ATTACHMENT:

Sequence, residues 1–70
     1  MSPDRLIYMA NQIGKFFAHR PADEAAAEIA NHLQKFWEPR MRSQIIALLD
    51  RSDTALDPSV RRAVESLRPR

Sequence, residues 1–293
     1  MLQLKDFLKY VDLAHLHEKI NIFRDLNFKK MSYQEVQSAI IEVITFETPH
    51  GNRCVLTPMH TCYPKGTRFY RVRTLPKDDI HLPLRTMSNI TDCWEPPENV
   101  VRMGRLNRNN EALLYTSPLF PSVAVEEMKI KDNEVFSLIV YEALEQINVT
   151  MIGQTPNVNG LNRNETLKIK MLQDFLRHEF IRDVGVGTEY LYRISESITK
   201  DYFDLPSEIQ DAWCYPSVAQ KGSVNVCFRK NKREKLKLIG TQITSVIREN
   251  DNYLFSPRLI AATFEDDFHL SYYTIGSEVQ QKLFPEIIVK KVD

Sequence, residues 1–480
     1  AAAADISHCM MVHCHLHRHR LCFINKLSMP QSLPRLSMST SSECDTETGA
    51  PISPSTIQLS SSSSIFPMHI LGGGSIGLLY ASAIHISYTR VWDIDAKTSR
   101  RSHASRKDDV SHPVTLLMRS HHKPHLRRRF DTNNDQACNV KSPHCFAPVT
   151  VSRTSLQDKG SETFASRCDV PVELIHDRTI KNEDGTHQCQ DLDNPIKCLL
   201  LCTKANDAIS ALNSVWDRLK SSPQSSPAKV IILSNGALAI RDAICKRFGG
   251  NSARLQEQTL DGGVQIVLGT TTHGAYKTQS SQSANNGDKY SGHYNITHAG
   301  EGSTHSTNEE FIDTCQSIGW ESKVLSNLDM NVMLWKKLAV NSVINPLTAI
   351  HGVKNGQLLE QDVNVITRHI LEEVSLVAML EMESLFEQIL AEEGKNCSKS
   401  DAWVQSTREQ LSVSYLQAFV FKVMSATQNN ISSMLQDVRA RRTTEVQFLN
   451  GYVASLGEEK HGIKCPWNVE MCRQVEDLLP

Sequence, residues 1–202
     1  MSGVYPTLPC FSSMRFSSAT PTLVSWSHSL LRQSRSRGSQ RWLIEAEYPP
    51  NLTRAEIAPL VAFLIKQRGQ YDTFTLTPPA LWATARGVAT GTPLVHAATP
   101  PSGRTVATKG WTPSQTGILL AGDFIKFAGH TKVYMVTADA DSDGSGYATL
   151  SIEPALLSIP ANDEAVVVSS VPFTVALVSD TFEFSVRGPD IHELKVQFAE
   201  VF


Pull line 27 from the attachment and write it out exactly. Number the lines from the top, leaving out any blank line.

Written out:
   201  VF